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|Edwin Black||August 11th 2008|
Israeli defense officials declared the Jewish State would do "everything possible" to prevent Russia’s potent S-300 anti-aircraft batteries from reaching Iran. The remarks were made to the Jerusalem Post and reported by its veteran military affairs correspondent, Yaacov Katz.
The advanced S-300 mobile weapons system can reportedly track as many as 100 airborne targets simultaneously—drones, airplanes, and missiles—and can engage a dozen at once as far as 200 kilometers away. The system can even track missiles in outer space, that is, at 90,000 feet. Many missiles briefly enter the exosphere before raining down on their targets. As such, the S-300 can defeat virtually every aerial assault asset in Israel’s arsenal as it edges nearer to a pre-emptive strike against Iran’s high speed nuclear program.
But now, Israel has pledged to develop “black box technology” to neutralize S-300 electronics if the system becomes operational in Iran. If Israel does develop electronic countermeasures, those could be based upon aerial exercises held late last May and in early June. At that time, Israel conducted a mock attack using drones and warplanes over Crete. Greece possesses a similar S-300 system. The maneuvers were held jointly with the Hellenic Air Force. The Cutting Edge News was the first to report the pivotal role of the S-300 in the highly publicized Israel-Greek military exercise.
"Russia will have to think real hard before delivering this system to Iran, which is possibly on the brink of conflict with either Israel or the US, since if the system is delivered,” the defense official told the Jerusalem Post, “an EW [electronic warfare] system will likely be developed to neutralize it; and if that happens, it would be catastrophic not only for Iran but also for Russia."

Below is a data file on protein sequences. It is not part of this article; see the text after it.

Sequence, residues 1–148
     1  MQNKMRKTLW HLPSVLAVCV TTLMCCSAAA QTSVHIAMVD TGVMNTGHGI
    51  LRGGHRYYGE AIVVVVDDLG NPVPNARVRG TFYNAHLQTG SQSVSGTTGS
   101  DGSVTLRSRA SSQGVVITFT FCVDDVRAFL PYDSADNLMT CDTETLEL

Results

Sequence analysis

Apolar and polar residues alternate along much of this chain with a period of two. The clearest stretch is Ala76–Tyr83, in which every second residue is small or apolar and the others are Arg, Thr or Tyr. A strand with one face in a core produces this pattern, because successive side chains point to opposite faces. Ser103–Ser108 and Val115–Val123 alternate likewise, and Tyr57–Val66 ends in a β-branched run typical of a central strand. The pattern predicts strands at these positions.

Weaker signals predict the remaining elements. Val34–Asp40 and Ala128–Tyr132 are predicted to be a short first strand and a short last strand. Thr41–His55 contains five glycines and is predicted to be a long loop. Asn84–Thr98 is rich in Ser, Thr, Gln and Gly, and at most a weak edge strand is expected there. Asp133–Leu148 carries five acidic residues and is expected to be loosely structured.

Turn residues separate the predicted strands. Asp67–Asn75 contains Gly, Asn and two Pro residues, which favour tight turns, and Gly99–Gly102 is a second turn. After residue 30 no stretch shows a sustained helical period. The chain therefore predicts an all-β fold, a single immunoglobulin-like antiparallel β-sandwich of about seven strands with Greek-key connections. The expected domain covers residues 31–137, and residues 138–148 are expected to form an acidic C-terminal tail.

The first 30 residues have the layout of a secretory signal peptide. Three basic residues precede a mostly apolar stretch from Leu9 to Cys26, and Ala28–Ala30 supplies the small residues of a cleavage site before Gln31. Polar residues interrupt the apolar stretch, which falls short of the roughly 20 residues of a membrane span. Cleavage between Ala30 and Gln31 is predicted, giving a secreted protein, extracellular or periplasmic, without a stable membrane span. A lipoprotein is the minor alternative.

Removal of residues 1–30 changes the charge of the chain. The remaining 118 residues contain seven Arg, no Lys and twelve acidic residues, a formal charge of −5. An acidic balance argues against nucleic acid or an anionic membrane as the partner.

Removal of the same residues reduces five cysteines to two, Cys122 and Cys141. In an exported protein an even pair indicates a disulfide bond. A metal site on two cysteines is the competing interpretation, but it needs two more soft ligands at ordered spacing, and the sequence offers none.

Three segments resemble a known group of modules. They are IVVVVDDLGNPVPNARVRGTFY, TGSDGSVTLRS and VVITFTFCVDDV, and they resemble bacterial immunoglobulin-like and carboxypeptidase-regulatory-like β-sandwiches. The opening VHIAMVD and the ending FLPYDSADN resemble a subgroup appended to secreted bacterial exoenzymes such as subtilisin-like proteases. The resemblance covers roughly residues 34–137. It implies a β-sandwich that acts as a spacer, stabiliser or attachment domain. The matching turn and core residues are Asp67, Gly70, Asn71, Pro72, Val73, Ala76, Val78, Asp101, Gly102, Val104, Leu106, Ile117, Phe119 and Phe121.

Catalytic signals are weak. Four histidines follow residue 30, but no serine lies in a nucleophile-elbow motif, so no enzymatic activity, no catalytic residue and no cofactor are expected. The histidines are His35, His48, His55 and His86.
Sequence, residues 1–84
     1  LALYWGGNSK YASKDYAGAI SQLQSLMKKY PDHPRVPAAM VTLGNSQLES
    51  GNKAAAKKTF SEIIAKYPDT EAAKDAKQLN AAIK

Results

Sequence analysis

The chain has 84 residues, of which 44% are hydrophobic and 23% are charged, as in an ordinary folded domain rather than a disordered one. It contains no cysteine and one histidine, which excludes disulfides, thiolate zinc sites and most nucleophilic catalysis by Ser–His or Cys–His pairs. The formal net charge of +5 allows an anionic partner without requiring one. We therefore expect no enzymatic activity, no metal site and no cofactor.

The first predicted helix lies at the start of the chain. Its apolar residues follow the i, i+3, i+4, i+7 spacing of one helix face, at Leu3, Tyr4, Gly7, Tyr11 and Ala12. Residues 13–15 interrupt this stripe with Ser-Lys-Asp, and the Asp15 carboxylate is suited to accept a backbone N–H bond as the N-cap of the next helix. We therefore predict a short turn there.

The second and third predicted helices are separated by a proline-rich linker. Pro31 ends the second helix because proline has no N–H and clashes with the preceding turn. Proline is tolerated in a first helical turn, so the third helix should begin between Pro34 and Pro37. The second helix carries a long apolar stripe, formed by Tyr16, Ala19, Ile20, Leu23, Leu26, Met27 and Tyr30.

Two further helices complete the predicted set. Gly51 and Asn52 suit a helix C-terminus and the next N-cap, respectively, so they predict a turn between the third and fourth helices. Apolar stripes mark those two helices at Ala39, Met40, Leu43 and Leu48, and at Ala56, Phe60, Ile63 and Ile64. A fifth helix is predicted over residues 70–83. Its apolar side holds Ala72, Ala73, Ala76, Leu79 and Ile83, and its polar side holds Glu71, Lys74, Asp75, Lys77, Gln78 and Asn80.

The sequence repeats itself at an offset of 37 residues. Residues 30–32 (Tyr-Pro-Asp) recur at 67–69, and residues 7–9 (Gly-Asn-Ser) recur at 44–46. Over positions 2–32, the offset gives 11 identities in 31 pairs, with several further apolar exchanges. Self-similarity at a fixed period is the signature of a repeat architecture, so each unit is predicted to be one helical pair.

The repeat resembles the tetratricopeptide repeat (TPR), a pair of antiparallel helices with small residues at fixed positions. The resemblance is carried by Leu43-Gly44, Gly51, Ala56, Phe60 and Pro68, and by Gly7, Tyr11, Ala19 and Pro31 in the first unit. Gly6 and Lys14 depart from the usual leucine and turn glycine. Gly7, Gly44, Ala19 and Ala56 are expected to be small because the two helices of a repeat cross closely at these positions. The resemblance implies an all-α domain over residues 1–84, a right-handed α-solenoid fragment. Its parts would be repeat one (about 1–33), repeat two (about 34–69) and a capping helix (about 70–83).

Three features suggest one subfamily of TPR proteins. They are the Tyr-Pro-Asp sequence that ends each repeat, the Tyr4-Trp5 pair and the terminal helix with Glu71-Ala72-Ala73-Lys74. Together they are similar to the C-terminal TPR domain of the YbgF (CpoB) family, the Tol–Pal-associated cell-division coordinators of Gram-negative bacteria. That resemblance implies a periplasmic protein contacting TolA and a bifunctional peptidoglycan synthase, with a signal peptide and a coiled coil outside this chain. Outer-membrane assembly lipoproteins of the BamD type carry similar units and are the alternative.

If Israel moves ahead with its countermeasure program, it would indeed undermine both the backbone of Russian national air defense and its sale to other oil-rich countries willing to pay millions for the system. "No country will want to buy the system if it is proven to be ineffective," the defense official told the Jerusalem Post.
Numerous countries are now lined up to purchase the powerful S-300 system, this reporter has learned. In April, 2008, new agreements were reached on Russian-made weapons deliveries to Libya. Oil-rich Libya agreed to purchase the S-300 along with its TOR-M1 missiles as part of a package that also includes 30 MiG-29SMT and Su-30MK fighters, six Yak-130 combat trainers, several dozens Mi-17, Mi-35 and Ka-52 helicopters, 50 T-90S tanks and an advanced submarine. In exchange for the weapons deal, Libya asked Russia to write off old debt, totaling $4.6 billion. Military analysts say, the weapons cost will cover half of the waived debt. Russia could recoup the balance from Libyan cooperation in the oil sector; and as a bonus, gain the release of one its citizens held as a spy in a Libyan prison. The alleged spy is Alexander Tsygankov, a LUK Oil Overseas employee, who was released as part of the deal, reportedly on orders of Libyan strongman Muammar Gaddafi.